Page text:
You can see my updated reduced roadmap in a larger version here. The final three flows that were left after this cut were my Log-in and Check Balance flow, my “Transfer Money” flow, my “Deposit Check” flow, and the basic functionality of my “Set Alerts” flow.
SIDENOTE: In doing this, it was very difficult to evenly divide and fit all tasks neatly into days and weeks while also considering the sequence in which they may need to be developed (some features needing to be created before the next).
Part 4: To Infinity and Beyond
Now that I had a finalized roadmap of my first 20 days of development, I began to consider how to plan out the remaining weeks and months of development so that my app would ultimately include all the features that I had in my initial thin slice, and then hopefully eventually include most all the features I had in my very initial wireframes.
For this, I turned to Trello, mostly because I have used Trello in professional roles previously and found it to have all the functionality I wanted for illustrating and tracking progress on development over time. You can view my long term roadmap on Trello here.
I grouped the tasks I had created for my developers into two week sprints which I lumped into lists in Trello. I named the list for current sprint “In Progress,” the next sprint “Up Next,” and the third sprint “Confirming.” With the first 6 weeks organized, I created two additional lists: one called “Exploring” and another called “Icebox.” “Exploring” is a list of all the features that are left to be developed after my initial cut. All of these features have production dates associated with them that could be adjusted based off of progress in the first three sprints. And, the “Icebox” is a list of features that were a part of my initial wireframes that are in a metaphorical icebox until we get some of the more essential functionality of the app created.
There were a number of learnings this week which provoked questions that I have and hope to answer in the following weeks.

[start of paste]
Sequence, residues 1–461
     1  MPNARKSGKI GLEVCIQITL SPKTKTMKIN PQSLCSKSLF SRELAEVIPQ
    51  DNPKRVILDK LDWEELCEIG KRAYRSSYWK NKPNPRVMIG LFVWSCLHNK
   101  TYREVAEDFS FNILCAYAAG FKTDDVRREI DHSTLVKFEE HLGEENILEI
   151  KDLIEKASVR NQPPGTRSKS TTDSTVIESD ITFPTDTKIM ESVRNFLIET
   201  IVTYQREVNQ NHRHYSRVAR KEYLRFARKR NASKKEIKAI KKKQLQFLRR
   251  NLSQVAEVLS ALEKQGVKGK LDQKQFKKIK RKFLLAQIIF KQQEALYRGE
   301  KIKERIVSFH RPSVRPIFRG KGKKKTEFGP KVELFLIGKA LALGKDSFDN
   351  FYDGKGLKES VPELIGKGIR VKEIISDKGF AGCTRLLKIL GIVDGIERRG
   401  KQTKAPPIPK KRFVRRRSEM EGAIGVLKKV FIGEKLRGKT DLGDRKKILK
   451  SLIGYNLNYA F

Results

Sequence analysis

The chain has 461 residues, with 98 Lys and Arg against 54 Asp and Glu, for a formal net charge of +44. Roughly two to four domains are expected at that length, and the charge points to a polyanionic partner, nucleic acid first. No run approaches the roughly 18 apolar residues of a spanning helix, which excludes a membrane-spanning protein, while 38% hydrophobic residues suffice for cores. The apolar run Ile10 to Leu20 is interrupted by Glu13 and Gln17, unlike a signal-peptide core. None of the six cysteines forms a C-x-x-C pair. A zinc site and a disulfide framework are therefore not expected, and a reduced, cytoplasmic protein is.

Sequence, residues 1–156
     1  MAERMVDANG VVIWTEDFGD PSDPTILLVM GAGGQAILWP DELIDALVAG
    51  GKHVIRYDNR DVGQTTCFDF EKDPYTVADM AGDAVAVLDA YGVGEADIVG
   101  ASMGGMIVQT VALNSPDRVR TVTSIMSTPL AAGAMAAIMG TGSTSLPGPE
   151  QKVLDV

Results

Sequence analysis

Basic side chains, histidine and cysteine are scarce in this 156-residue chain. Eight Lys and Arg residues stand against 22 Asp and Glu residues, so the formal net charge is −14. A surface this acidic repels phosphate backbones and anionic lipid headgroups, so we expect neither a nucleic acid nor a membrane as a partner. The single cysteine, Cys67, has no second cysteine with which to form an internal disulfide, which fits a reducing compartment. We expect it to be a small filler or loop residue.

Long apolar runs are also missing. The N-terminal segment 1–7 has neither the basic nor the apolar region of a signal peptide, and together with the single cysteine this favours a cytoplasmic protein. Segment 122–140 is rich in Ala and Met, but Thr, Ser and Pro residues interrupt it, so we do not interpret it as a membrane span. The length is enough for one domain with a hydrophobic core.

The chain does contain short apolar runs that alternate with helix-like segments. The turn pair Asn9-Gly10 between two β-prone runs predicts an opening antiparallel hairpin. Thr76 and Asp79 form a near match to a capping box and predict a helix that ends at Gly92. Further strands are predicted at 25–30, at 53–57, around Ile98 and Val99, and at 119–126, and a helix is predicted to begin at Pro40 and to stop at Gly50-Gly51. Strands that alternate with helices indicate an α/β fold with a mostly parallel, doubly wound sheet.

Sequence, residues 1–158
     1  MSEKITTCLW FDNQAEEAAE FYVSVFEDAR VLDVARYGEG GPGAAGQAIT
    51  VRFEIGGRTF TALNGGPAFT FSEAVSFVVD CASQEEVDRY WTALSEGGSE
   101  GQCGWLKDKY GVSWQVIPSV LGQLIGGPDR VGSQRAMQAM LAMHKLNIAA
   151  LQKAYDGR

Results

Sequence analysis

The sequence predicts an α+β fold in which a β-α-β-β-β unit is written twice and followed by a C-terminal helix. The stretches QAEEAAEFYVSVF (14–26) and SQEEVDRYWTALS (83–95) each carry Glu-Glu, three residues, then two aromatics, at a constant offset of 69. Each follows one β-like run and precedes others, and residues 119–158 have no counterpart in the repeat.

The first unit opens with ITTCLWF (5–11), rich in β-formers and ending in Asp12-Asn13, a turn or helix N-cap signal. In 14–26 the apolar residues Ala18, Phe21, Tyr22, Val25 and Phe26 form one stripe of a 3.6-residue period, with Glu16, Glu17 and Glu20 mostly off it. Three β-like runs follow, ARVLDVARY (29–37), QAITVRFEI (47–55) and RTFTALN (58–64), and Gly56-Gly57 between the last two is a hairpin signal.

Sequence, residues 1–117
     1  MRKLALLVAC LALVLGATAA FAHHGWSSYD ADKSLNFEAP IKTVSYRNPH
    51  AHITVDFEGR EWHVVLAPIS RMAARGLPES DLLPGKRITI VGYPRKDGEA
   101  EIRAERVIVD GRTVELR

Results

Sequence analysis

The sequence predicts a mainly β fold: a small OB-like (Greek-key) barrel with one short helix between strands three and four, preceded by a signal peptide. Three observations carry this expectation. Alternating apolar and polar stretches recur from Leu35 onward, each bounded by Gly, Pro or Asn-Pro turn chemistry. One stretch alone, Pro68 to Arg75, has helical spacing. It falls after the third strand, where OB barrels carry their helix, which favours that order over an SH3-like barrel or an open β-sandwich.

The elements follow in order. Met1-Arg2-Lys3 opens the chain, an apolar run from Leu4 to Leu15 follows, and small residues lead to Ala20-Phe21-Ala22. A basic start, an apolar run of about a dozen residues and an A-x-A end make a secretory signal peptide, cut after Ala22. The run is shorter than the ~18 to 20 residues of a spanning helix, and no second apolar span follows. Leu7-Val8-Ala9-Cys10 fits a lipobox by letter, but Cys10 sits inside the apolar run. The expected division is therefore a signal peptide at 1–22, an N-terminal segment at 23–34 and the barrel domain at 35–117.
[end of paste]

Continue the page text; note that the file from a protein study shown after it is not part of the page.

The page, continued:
- In Product Management, you’re going to have to make tough decisions – I had to make a number of tough decisions this week. They all fell into one of two categories.
- Decisions that could disappoint the user
- I had to cut many flows from my initial wireframes using the limited information I had from my user testing to consider what was most useful and valuable for my user. If given, I would have taken a little more time to do user testing before eliminating the amount that I did.
- Decisions that could disappoint the stakeholders ($$money makers$$) in my company
- There were a number of times that the estimation given to me by my developer exceeded the amount of time that I had left to allocate for a task. Rather than risking leaving my developers twiddling their thumbs, I decided to assume they would run ahead of schedule and be able to complete some tasks a day early. This is a risk that could leave the company in a bind, either over budget or with an incomplete project.
- Decisions that could disappoint the user
- Developers are really important for making things – I knew this. They are the ones who will ultimately be working to bring our ideas to life. But it was not until this week that I realized there is most likely an indefinite amount of information we can learn from them in order to create designs that meet the budgets of our companies and fulfill the needs and desires of our users. I wish in my meeting with my developer I had asked for more specifics around some of the estimates he had given me for particular screens. Was there a feature of a screen that I could consider adjusting or eliminating so that I would not have to forsake an entire flow but could just get make a change to that feature?